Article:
Dropkick Murphys reaffirmed their standing in punk history with robust Irish anthems, perfect for drinking or punching someone in the face for the sake of some sort of honor. As soon as the Celtic accordion and banjo kicked in, a wave of masculine energy captivated the audience and caused them to sloppily grab their closest comrade and yell/sing “HEY!” as loud as possible. Al Barr governed the stage in all of his scrappy Fred Perry glory, pacing from wing to wing and daring the spectators to match his enthusiastic tenacity. The lanky, slurring shirtless man standing next to me by the barricade tried to suck me into the “oi” vortex as well, but his efforts were in vain.
“Go like this,” as he pumped his fist in the air to the beat of the thunderous bass drum.
“Like this?” I asked, feebly raising my limp wrist in a half-hearted effort to not be an asshole. I was enjoying the set, I just don’t like being told what to do.
He quickly lost interest and immersed himself in Dropkick’s rousing set.
The night was rounded off by Rancid, who had always been a staple in the playlists of my youth. They wasted no time delivering cult classics off of …And Out Come the Wolves and Let’s Go, which made the fangirl within me positively lose my shit. Tim Armstrong had always been a spindly yet somehow devilishly handsome punk with a strange, ambiguous accent in my mind; I was mildly surprised to see him as a burly, bearded, grown ass man with a beat up Gretsch that looked like it had seen the world and then some. It was as though he aged with his fan base, and they had remained loyal to each other throughout all those years. The set was exactly what I had hope for and expected from one of the most successful bands in the community. Say what you will, but Rancid has always been (and probably always will be) unwaveringly Rancid.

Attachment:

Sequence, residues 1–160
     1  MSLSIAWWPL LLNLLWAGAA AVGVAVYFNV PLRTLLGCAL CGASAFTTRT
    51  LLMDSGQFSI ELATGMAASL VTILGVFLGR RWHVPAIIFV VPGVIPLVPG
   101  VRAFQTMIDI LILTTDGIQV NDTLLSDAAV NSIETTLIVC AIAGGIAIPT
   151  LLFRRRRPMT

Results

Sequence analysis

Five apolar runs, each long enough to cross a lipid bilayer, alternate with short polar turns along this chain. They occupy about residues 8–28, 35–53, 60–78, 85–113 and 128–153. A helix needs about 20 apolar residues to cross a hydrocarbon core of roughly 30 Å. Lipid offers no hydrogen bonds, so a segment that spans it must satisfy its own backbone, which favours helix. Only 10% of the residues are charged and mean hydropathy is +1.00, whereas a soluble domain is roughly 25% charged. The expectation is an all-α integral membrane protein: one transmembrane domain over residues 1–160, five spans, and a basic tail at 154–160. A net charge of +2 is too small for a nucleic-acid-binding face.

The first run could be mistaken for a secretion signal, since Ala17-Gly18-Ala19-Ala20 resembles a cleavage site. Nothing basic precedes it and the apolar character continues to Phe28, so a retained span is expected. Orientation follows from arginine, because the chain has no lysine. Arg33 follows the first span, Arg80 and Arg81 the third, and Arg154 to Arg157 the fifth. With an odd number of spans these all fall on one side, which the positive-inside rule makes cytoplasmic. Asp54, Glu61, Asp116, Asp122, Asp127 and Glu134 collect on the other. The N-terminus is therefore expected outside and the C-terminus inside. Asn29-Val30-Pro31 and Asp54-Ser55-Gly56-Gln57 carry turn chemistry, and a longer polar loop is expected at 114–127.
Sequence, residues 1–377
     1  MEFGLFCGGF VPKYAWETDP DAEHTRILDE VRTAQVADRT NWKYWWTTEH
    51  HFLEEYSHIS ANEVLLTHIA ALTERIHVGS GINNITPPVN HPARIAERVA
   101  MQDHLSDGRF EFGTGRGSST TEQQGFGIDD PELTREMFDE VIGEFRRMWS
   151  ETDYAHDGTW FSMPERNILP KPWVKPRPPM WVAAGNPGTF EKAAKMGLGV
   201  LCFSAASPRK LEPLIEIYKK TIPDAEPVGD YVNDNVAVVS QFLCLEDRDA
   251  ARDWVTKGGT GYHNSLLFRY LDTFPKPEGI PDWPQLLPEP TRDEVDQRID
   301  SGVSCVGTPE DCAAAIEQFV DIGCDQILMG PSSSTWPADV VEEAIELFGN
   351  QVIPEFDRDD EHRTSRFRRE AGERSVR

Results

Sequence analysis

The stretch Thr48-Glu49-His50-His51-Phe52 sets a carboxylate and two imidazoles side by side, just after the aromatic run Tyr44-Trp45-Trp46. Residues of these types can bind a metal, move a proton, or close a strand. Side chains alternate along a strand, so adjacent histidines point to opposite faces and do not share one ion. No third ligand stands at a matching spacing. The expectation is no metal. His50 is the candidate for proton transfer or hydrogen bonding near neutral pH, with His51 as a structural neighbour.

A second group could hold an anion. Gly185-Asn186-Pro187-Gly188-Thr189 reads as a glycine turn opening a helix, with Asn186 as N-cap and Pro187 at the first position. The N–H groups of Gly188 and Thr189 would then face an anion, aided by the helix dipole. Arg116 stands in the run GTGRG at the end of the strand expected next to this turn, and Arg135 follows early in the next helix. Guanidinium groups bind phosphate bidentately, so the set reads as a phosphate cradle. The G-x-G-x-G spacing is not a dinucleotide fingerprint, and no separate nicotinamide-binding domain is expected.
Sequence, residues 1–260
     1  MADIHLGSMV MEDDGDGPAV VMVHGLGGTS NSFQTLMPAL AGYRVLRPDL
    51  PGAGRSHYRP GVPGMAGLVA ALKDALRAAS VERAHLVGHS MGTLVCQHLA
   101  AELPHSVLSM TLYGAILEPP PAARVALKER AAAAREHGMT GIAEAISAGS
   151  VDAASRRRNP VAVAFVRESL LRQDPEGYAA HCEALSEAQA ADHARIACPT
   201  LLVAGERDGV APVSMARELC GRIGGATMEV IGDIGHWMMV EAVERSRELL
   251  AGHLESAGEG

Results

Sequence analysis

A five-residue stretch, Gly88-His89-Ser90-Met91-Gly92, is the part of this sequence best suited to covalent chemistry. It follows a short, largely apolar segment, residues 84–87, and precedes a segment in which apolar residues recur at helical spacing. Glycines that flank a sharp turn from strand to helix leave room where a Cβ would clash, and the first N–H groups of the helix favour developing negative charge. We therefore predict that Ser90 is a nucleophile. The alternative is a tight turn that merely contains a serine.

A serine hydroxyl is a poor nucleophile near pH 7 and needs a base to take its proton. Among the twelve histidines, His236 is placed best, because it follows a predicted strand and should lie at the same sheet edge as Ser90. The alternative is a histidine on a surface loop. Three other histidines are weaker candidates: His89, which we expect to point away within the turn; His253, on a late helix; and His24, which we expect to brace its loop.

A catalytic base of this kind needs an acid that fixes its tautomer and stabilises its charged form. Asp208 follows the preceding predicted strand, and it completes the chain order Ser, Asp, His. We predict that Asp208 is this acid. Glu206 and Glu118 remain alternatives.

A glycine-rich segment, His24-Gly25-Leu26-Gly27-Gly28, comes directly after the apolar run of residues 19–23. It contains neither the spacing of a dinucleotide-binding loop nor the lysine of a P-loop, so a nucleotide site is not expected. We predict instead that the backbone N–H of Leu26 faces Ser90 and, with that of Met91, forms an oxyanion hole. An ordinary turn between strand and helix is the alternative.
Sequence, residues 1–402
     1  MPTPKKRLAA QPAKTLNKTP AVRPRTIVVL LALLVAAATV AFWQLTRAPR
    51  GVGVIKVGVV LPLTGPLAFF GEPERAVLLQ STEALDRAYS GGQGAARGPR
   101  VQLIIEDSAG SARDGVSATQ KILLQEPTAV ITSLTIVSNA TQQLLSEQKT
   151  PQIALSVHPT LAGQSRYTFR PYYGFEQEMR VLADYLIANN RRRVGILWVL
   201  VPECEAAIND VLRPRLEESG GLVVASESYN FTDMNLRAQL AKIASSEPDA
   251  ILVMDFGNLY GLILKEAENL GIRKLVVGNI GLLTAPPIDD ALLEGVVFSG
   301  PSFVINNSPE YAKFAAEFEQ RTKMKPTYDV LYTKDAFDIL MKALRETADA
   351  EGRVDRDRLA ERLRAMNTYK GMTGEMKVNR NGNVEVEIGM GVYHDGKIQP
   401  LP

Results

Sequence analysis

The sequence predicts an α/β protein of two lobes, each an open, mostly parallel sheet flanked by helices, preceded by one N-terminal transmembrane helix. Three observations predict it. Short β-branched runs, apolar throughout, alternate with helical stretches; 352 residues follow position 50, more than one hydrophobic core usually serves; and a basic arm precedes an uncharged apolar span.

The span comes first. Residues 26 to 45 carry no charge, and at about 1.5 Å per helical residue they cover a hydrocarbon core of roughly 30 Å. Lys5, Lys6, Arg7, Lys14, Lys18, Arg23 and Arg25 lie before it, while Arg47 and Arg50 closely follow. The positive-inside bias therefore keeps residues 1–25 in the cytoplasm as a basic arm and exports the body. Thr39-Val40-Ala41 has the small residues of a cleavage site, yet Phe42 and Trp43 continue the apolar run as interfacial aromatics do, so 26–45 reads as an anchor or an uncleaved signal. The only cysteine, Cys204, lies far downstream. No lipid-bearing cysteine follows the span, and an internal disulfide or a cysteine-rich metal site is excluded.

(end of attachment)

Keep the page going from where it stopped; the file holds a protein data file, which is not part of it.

Even though the day started off with a resounding thud rather a bang due to being immediately confronted with the human equivalent of a fart (also known as a Nazi), my faith in the festival and its demographic was gradually restored. It was salvaged by the countless people who had always held onto their roots, even if they did so by integrating their inevitable adulthood. I took comfort in the fact that there were so many people present who were trying to impart invaluable wisdom to their kids via the gristly lyrics of a long-loved punk song. The small kindnesses from complete strangers who were just excited to be there. The bands who still stood testament to their convictions after decades of screaming at the top of their lungs. Despite the pervasive threat of hate and bigotry, the punk community will always provide a sanctuary to those who need it.